They want to better understand the timing of the seasonal fall and spring transitions that occur within the water column, Fewings said. They also want to better understand the frequency of occurrence of anomalies or changes in conditions over time.

“One of the goals of this project is to try to define what ‘normal’ looks like in Olympic Coast National Marine Sanctuary,” Fewings said. “We know there are strong anomalies, such as marine heatwaves, but we’d like to have a more robust understanding of what has been happening over the past two decades.”

They also plan to compare climate fluctuation data in the sanctuary with similar data collected by previous studies off the coast of Newport, Oregon. The comparison will help researchers better understand similarities or differences in conditions between the two locations, which are separated by about 300 kilometers or 200 miles.

Presently, several assessment reports for the northern California Current region rely on data collected from the Newport Hydrographic Line, a line along which scientists regularly survey ocean conditions.

“Estimates from Newport are used when that data may not be a good representation of what is happening farther north,” Fewings said. “There may also be different anomalies between the two locations.”

For additional regional context, the researchers also will take advantage of publicly available data from moorings off the coasts of Washington and Oregon deployed by the National Science Foundation’s Ocean Observatories Initiative Coastal Endurance Array, operated by OSU.

Similarities or differences between the Newport and Olympic Coast data could help inform discussions around the potential need for a similar sampling line off the Washington Coast, Fewings said.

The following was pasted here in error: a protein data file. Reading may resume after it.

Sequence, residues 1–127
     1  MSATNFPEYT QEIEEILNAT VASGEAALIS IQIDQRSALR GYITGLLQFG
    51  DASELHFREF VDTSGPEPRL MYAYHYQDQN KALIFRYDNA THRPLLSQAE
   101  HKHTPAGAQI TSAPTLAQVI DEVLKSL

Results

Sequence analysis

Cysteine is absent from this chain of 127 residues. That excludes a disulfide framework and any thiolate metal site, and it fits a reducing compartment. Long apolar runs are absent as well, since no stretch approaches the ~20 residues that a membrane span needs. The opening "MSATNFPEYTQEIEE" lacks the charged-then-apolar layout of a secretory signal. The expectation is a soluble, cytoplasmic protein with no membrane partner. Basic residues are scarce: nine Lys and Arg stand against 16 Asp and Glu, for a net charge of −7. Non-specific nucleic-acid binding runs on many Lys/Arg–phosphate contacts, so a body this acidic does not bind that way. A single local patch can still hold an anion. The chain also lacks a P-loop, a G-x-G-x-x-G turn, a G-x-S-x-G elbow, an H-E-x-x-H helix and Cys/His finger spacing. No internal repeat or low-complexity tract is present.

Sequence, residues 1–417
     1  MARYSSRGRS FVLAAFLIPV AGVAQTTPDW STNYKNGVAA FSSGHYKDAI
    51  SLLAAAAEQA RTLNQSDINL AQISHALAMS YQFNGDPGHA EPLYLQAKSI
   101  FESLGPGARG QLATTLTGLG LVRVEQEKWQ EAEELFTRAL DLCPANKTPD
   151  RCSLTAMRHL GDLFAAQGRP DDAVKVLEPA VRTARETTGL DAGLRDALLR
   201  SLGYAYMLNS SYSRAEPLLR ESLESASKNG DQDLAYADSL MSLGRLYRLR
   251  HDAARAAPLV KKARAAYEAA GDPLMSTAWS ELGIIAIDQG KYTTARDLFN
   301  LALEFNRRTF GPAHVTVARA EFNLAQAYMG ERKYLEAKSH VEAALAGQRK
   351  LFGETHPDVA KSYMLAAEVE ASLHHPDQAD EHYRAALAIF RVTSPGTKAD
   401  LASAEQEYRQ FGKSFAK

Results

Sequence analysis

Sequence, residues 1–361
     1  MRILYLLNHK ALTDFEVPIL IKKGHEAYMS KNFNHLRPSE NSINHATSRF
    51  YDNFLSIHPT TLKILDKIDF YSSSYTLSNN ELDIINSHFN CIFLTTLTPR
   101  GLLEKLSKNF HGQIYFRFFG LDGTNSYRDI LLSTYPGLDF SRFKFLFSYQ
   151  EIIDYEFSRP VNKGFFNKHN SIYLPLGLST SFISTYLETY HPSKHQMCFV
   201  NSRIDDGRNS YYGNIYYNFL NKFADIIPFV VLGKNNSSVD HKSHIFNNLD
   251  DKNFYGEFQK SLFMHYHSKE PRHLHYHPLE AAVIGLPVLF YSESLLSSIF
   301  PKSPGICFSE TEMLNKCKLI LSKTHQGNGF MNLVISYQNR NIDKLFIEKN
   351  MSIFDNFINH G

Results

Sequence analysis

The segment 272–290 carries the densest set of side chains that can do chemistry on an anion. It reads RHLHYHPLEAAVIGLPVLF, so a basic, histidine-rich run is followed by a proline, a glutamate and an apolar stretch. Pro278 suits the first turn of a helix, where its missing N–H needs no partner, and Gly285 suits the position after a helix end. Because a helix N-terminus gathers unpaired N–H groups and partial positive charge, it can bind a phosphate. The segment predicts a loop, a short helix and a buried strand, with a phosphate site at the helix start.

Jenny Waddell, research coordinator at Olympic Coast National Marine Sanctuary and a collaborator on the project, added: “Gaining a better understanding of subsurface variability in the sanctuary and comparisons to the richly studied Newport Line, are great outcomes for the sanctuary, as well as for our partners, who will be able to more easily use sanctuary mooring data for their own resource management purposes.

“This work to process and analyze the sanctuary’s long-term mooring record, and make it widely available, will yield benefits for decades to come.”

Collaborators on the project are Katie Wrubel, resource protection specialist for Olympic Coast National Marine Sanctuary; Joe Schumaker, marine resource coordinator for the Quinault Indian Nation Department of Fisheries; Tommy Moore, oceanographer with the Northwest Indian Fisheries Commission; Charles Seaton, senior oceanographer with the Columbia River Inter-Tribal Fish Commission; Jennifer Fisher, research ecologist with NOAA’s Northwest Fisheries Science Center; Kym Jacobson, research zoologist with NOAA’s Northwest Fisheries Science Center; and Maria Kavanaugh, assistant professor in OSU’s College of Earth, Ocean, and Atmospheric Sciences.